Doctors With Questionable Records Still Kept On As Drug Company Spokesmen

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Boston.com has posted an article about how many doctors that drug companies hire to be the spokesman for a drug actually have “questionable’ records. Drug companies say that they hire the “most respected doctors in their fields for the critical task of teaching about the benefits and risks of their drugs.”

But an investigation by ProPublica has brought to light that many doctors who are on drug companies’ payrolls have been accused of “professional misconduct”, lacked credentials as researchers or specialists in area of the specific drug, or had been disciplined by state boards.

A review of physician licensing records in the 15 most populous states and three others found sanctions against more than 250 speakers, including some of the highest paid. Their misconduct included inappropriately prescribing drugs, providing poor care, or having sex with patients. Some of the doctors had even lost their licenses.

More than 40 have received FDA warnings for research misconduct, lost hospital privileges, or been convicted of crimes. And at least 20 more have had two or more malpractice judgments or settlements. This accounting is by no means complete; many state regulators do not post these actions on their websites.

Five disciplined Massachusetts doctors appeared on the list. Their sanctions included engaging in “disruptive behavior with patients and other medical staff,” a lack of sensitivity during physician exams, and improperly peeking into employees’ medical records. They earned between $3,250 and $18,000 since 2009 from the seven companies that have disclosed payments.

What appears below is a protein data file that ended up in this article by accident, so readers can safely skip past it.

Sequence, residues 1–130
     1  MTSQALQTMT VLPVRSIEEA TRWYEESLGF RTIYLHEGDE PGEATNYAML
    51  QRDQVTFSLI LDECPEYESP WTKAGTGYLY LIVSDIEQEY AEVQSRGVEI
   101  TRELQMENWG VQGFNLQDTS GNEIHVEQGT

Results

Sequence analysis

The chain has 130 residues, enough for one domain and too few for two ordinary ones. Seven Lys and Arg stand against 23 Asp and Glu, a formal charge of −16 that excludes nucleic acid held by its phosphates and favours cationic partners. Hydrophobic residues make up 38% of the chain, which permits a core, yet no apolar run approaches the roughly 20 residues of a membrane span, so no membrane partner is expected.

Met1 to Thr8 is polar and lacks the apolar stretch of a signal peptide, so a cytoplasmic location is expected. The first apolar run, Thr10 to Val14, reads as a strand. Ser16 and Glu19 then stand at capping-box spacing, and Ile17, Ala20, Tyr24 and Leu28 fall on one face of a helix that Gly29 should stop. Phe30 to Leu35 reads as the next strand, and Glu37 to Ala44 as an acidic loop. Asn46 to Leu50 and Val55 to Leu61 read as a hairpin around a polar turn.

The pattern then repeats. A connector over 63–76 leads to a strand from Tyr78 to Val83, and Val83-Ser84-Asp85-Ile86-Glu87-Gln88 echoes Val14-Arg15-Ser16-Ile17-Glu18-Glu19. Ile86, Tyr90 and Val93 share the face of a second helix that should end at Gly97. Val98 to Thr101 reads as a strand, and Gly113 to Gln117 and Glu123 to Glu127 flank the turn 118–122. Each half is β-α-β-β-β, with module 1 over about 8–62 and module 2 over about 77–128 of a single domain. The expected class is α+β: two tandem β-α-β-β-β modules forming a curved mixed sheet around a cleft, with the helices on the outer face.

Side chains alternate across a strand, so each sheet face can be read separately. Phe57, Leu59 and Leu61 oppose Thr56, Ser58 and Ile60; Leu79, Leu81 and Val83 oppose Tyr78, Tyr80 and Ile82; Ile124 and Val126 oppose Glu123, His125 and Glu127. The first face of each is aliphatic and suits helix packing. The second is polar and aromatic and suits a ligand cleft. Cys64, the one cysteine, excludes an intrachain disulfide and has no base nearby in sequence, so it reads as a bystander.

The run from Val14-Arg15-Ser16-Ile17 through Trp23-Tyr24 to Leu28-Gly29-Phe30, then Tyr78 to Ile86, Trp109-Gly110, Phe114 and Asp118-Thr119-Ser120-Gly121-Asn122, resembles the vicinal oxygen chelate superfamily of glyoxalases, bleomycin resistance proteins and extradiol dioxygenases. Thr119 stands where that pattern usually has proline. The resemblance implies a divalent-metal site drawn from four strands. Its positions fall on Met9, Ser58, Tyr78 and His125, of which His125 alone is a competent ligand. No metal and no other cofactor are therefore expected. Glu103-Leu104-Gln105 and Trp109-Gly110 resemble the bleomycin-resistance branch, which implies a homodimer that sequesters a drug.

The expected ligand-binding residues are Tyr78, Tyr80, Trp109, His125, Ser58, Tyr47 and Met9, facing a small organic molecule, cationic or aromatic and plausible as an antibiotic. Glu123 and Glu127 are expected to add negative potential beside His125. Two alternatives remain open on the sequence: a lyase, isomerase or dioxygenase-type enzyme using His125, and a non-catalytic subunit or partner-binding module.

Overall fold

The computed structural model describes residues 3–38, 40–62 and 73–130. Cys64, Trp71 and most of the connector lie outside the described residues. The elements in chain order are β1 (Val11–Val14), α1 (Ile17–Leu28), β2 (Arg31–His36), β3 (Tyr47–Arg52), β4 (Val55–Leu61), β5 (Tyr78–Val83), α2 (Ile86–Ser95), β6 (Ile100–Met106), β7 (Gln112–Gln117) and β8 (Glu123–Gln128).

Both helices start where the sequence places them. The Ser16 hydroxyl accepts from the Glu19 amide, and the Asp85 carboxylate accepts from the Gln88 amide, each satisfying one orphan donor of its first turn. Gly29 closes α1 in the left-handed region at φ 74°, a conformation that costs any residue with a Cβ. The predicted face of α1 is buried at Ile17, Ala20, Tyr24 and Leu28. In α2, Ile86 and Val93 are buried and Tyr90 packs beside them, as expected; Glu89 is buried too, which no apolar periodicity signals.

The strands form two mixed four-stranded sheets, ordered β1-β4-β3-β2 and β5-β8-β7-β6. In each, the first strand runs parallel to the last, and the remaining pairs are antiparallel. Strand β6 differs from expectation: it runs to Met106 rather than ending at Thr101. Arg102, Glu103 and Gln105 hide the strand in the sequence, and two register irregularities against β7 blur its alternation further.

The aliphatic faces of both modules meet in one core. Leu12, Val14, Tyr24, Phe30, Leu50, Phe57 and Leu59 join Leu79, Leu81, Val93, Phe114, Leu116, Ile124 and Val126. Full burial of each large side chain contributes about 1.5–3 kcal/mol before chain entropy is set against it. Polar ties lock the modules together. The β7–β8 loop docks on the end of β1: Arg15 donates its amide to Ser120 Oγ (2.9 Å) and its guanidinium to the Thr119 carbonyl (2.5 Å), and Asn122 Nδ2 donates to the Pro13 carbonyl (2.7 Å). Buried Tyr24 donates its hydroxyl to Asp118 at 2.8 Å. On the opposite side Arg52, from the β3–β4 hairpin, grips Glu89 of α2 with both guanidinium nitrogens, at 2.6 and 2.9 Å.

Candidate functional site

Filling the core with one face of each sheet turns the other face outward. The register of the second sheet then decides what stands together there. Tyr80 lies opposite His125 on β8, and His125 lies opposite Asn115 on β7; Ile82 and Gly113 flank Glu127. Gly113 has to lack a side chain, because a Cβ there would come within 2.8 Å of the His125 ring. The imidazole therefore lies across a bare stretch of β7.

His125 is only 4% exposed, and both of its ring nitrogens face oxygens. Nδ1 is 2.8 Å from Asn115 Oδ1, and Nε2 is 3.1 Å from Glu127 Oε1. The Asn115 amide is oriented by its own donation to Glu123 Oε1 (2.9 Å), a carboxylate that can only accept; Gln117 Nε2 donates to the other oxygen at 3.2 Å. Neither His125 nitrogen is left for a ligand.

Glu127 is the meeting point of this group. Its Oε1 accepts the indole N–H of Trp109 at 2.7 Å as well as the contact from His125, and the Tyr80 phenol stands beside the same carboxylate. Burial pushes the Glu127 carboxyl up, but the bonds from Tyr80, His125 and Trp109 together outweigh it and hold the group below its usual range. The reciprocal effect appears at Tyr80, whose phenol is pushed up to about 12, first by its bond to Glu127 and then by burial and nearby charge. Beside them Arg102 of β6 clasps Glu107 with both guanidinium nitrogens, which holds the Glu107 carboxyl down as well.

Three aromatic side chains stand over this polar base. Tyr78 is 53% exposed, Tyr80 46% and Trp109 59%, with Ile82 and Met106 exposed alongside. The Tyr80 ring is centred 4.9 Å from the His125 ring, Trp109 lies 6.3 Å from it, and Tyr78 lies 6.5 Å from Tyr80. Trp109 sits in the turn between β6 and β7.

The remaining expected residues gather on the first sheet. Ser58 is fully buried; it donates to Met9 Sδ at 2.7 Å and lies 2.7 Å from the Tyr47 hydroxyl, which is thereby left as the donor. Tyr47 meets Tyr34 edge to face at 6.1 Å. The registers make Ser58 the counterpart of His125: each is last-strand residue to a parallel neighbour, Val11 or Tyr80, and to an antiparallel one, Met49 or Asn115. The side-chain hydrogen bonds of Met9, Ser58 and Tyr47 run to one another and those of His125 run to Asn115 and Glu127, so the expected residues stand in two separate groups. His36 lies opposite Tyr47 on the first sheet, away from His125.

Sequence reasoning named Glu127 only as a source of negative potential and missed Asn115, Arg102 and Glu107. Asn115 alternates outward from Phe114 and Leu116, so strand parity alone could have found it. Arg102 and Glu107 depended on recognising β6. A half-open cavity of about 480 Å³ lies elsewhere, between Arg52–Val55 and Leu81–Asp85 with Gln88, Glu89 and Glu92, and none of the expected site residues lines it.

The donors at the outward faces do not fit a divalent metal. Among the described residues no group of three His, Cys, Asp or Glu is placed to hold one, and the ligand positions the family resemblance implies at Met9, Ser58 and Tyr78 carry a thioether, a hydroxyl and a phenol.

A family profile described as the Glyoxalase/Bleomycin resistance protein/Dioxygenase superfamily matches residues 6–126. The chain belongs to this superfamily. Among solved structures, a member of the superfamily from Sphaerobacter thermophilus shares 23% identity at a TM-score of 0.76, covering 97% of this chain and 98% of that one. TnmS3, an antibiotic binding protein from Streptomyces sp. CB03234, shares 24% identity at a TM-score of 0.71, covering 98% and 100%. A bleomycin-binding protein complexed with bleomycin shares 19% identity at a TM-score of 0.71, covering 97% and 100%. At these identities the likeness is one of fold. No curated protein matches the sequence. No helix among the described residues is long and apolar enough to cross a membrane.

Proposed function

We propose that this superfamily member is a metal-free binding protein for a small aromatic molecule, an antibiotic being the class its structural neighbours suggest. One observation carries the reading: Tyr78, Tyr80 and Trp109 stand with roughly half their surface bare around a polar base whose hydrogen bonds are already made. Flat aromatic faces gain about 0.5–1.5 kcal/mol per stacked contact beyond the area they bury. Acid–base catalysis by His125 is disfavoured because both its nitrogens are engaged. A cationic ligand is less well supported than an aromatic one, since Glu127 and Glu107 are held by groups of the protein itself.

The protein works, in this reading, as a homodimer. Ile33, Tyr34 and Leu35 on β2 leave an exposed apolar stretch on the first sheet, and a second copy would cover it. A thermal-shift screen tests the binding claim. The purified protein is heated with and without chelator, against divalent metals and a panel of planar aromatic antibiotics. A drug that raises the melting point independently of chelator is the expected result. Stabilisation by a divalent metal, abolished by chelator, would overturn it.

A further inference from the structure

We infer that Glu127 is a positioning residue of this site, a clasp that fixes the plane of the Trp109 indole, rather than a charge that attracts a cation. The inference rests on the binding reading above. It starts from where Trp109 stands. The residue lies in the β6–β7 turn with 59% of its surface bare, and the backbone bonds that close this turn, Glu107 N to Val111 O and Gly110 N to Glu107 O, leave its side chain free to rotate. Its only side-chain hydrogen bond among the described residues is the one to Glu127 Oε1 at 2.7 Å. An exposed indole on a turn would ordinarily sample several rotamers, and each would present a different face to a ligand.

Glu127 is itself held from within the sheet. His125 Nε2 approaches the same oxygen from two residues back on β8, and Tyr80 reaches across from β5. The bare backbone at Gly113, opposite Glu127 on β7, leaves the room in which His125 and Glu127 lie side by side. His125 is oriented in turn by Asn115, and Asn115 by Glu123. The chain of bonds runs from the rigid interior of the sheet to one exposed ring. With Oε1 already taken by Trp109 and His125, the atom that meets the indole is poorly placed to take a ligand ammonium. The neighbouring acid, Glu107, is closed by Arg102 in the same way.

There is quite a debate about whether or not doctors should be paid to endorse drugs because it might influence what they prescribe. Even small gifts or a small amount of money can influence some physicians, a study found.

ProPublica has also created a database system that keeps track of payments that seven drug companies make to various doctors. So far the database has tracked $257.8 million in payments, made just since 2009, for “speaking, consulting, and other duties.”

All told, 384 of the approximately 17,700 individuals in the database earned more than $100,000 from one or more of the seven companies in 2009 and 2010. Nearly all were physicians, but a handful of pharmacists, nurse practitioners, and dietitians also made the list. Forty-three physicians made more than $200,000, including two who topped $300,000. In addition to Lilly and Cephalon, the companies include AstraZeneca, GlaxoSmithKline, Johnson & Johnson, Merck & Co., and Pfizer.

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